"It was scary then," he said. "I showed my daughter's teacher the pictures, saying I wanted to take her home for lunch and then bring her back. The teacher was suspicious, but I showed her my custody papers and said we'd just moved from New York State."
That teacher then let him have his daughter back. Father and daughter drove off and left town and didn't stop until they crossed into Indiana.
As months passed, we accumulated more success stories. A New Jersey woman came home from work one day to find her house empty and her three children gone. A sign on the kitchen door read, "Pam, we've all gone on a long vacation".
He worked for an airline, but no one there would tell where he now lived, since leaving the New York area and being re-assigned to another city. Yet one of his friends felt sorry for her and said he lived in Florida, in a suburb of Orlando. She drove down with a male friend and went to the post office, pretending to be her husband's sister, just visiting.
So, they told her where he lived and she drove by the house. One of her children played outside and she noticed an elderly woman inside watching television. Pam didn't want to give more details, although everyone wanted to hear. The elderly woman was a housekeeper, the pilot wasn't home, and Pam convinced her one child to have the others come out. She waited until all three were together and put them in her car and drove away.
So Pam "back-snatched" her kids, as we called it.
A young mother in her twenties, Bobbie, had just moved back to Long Island with her husband and one-year-old son. They left her mother's house one night to stay for a week in a local motel. Bobbie went inside the office, but when she came out, she saw her husband, baby, and their pick-up truck gone. She waited, but he didn't come back. After crying for hours at her mother's house, she called me the next day.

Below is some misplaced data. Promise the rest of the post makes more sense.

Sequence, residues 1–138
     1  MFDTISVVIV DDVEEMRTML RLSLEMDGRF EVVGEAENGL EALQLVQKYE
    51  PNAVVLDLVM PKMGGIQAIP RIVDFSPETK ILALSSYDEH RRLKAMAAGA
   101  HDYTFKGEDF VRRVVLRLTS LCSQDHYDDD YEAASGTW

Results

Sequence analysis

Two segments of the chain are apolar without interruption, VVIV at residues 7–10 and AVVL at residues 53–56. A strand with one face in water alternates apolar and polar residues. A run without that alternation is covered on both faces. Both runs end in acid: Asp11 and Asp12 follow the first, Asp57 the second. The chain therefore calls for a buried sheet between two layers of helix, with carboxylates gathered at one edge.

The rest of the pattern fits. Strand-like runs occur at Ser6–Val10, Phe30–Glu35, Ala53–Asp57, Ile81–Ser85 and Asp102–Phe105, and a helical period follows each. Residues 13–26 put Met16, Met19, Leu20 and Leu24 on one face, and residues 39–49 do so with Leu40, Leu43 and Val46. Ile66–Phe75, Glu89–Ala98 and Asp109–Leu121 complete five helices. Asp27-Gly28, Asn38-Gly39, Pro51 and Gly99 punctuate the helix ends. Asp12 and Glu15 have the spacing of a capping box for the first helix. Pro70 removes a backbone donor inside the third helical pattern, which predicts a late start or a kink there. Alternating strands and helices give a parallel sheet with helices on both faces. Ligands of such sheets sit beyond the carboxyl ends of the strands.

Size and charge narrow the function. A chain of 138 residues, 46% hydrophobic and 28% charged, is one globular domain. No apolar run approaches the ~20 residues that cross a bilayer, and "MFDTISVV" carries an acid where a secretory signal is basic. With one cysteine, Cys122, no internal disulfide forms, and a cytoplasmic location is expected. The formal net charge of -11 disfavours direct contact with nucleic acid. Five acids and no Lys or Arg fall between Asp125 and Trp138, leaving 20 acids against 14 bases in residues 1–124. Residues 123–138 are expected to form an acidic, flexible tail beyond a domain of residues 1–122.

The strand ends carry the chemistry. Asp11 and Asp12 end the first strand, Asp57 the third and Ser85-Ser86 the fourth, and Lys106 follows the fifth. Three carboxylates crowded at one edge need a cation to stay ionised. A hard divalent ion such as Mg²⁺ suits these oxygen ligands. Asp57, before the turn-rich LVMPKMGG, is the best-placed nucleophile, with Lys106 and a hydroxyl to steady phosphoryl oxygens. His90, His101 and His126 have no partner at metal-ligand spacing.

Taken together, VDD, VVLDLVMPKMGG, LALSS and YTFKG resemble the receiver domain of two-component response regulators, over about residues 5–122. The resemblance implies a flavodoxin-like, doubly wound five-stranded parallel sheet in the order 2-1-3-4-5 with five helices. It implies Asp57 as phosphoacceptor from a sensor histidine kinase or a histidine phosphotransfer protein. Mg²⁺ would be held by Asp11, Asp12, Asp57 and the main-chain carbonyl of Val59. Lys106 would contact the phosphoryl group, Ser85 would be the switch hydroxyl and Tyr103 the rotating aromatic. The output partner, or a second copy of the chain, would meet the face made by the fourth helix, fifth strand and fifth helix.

"Where could he go?" I asked.
"He has friends in Los Angeles."
"How long would it take for him to drive there?"
"Three or four days if he didn't stop long each night."
"Have you called those friends?"
"He wouldn't be in California yet, John."
"While we're waiting," I said. "Make a list of his closest friends. Who would put him up, especially with a small child?"
She made lists and called people, but no one had heard from him.
"Who could go by their houses at night and see if his truck is there?" I asked after four days.
"My friend, Tommy. He has a motorcycle."
"Does he know where your friends live? And would he help you?"
"Yes, to both questions, John."
She called a day later and said Tommy hadn't found her husband's truck.
"Are you sure he checked everyone?"
"Yes, again. I even called my best friend, Priscilla, and she spoke with Tommy."
"Would your husband stay with Priscilla?"
"No, we're friends since high school."
"But did Tommy check her house?"
"John, I trust my best friend."
"I'm sorry, Bobbie. But could Tommy drive by Priscilla's house? Some time between midnight and eight in the morning?
"I don't think...."
"Just to be sure."
She called two days later. "John, I'm devastated. My husband just phoned from California. Tommy went by Priscilla's house at noon yesterday and saw the truck. My husband's furious."
"At least you know where your baby is."
"With my best friend, John. I can't imagine...."
"See if they'll let you visit. Say you have presents for your son. Get into their confidence. Don't threaten."